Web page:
Dedicated to the field of theater for two decades now, Prabhakar Neupane has tried his hands as an actor, playwright and director. Originally from Bhaktapur, he entered the Rastriya Naach Ghar for drama classes in 2054 BS which then provided him exposure to learning more on the subject. Written and directed in 2059 BS, his first play ‘Antar Chhamata’ is based on the lives of visually impaired people. It was highly admired by the critics before his recent one ‘Raat Chirnya Bhanu’ that also garnered much appreciation. His plays ‘Kumari Basne Ghar’ and ‘Poshaak’, have earned him several international accolades including the Youth Peace Ambassador awarded by Germany based organization Universal Peace Foundation in 2014 and the Theater Excellency Award by International Theater Festival in Odisha, India in 2017.
My City’s Sonam Lama caught up with Prabhakar to talk about his professional journey in theater as a playwright and director.
What types of thematic issues do you try to portray through your direction?
Plays and dramas have their age-long history; however, it has been modified with time. I see my plays as the witness of these modifications. The elements of drama would remain as one of the focal points in my plays, but it is also important to invite better changes in style, modality and way of execution. I try to keep traditional touch in my plays through setting, dialogues and costumes. As a playwright and director, my plays are the manifestation of the contemporary society. Since plays are also the reflection of cultural practices, I especially try to portray diverse Nepali cultures through my plays.
In your view, how different are Nepali plays in comparison to international ones?
Every play is guided by the underlying elements of drama. The only difference exists on the thought process and way of execution. As international theatrical plays date back to ancient period, they have grown larger in every respect. Talking about Nepali plays, we have also improvised in larger extent and become able to reach good number of audiences. Many Nepali plays have been written and directed after being inspired from our culture, dismantling the traditional elements of exposition, climax and resolution and have been staged in more creative manner.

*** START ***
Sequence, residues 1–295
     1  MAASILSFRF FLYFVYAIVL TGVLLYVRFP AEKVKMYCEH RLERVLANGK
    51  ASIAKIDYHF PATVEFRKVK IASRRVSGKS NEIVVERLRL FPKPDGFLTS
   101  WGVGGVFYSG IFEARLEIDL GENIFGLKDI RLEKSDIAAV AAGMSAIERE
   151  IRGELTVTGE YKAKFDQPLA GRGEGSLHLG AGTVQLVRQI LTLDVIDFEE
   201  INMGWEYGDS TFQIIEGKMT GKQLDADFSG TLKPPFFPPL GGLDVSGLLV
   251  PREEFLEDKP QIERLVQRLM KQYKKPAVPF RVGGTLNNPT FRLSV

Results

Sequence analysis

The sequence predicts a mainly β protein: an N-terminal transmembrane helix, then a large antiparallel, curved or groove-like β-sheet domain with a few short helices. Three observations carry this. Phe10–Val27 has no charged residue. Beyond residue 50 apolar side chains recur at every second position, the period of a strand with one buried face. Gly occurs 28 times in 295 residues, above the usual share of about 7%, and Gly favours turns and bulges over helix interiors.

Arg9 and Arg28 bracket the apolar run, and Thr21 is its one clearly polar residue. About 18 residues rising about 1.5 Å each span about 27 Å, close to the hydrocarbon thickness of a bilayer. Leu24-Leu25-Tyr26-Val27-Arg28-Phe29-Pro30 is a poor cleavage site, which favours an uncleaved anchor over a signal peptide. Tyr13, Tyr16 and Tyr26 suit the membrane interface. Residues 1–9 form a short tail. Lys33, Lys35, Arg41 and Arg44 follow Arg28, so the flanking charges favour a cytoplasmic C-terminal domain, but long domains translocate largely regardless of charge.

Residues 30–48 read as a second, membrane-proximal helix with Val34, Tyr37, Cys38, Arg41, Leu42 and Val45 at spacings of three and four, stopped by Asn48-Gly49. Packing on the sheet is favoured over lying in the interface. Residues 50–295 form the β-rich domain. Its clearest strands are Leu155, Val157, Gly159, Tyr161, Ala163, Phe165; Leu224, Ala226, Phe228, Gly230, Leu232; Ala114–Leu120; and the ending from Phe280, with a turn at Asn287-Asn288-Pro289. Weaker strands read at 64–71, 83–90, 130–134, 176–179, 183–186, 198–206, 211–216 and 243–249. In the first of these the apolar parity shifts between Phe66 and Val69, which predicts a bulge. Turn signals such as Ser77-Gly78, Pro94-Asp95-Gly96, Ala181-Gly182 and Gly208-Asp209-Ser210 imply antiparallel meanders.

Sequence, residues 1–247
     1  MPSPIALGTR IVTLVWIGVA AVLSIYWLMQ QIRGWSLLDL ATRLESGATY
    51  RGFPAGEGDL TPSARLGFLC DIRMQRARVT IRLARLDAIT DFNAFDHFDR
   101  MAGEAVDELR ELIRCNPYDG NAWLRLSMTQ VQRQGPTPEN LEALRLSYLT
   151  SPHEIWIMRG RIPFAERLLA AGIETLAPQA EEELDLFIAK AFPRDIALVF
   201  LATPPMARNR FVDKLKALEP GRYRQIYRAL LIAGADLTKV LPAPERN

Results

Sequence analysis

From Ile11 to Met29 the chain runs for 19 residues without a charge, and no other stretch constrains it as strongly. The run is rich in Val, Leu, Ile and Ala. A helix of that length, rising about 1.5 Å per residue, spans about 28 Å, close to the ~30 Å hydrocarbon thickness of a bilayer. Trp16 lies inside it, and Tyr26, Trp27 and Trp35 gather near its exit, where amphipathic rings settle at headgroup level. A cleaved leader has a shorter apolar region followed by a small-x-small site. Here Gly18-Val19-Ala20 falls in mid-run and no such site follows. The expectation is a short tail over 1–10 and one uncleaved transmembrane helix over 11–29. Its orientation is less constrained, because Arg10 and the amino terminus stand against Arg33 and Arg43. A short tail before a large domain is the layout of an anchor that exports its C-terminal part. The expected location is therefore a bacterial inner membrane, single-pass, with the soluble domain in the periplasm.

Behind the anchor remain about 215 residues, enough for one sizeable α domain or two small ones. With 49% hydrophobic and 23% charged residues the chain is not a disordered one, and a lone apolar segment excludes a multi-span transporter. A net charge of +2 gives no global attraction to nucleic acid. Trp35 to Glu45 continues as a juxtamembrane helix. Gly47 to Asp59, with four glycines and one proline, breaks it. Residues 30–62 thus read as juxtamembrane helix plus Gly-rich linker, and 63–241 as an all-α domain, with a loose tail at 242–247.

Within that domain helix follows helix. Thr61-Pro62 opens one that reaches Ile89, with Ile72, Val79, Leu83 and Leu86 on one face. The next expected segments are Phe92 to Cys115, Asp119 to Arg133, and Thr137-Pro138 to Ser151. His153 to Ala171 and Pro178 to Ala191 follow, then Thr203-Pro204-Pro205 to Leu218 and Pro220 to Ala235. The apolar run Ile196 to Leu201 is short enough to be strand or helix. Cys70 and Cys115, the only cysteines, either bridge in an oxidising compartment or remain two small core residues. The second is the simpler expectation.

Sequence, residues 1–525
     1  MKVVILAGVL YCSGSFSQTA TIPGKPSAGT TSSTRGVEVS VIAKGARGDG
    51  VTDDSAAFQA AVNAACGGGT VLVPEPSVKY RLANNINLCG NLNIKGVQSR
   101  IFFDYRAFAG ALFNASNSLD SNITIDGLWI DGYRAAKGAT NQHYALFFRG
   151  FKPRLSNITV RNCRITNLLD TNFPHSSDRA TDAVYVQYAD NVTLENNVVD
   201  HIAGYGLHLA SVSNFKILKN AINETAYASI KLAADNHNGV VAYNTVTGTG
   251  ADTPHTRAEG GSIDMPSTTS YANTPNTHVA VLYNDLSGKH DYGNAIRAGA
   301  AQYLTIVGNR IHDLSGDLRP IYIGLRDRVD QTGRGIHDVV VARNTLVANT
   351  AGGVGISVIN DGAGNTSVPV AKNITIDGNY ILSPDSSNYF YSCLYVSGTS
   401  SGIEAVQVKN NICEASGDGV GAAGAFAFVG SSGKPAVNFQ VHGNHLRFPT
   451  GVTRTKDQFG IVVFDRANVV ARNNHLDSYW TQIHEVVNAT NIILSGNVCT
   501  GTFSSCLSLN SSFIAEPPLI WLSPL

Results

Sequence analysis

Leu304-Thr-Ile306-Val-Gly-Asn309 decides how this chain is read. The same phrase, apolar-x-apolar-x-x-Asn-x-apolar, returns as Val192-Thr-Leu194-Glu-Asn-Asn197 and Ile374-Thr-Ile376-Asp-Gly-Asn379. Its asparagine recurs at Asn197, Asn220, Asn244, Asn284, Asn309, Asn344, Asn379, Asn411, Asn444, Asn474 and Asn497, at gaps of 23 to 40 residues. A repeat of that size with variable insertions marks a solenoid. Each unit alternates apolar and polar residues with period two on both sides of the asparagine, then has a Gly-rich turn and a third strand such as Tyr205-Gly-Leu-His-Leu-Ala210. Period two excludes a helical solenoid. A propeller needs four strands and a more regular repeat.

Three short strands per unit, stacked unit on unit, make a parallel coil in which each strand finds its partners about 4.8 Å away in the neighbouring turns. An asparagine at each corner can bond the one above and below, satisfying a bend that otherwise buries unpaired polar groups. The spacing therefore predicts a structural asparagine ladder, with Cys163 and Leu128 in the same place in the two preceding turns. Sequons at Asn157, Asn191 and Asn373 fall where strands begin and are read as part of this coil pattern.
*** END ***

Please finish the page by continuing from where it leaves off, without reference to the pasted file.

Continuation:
The drama culture is growing in Nepal, what could support the growth?
The responsibility more or so lies on the government, general public and playwrights/directors. There are many plays that face financial challenges every year and they don’t ever see the stage. In such cases, the government should allocate adequate budget, organize events and competitions and provide a platform to stage the plays in an inexpensive charge. Research on subject matters and experienced artists can certainly uplift the theater business. Moreover, including drama studies in the course curriculum of students could also have a positive impact as kids can learn the skills at an early age.
Why do you think Nepali plays find comparatively lesser space in the theater? What measures can be adopted to prioritize Nepali plays?
There is an acute lack of documents and factual details about Nepali anthropology and culture. Due to this lack, there remains a gap in-between which takes rigorous research to fulfill. I think promoting our culture through plays or any medium of entertainment has become the need of the time. Anthropological study and research based works should be prioritized. One of the best ways to promote drama culture could be through art, literature and establishing museums.
Any word of advice you would like to convey to our readers?
Theater is a place where the ancient practices are revived, while the definitions of art are redefined in a more pragmatic process. It is through united efforts of youths and art lovers that we can bring about improvements in the sector. Besides plot, character and setting playing its respective roles, the strength of the theater also lies on its audience. Therefore, everyone should make tiny contribution and support theater by joining hands to the effort or being a fair critique to the least.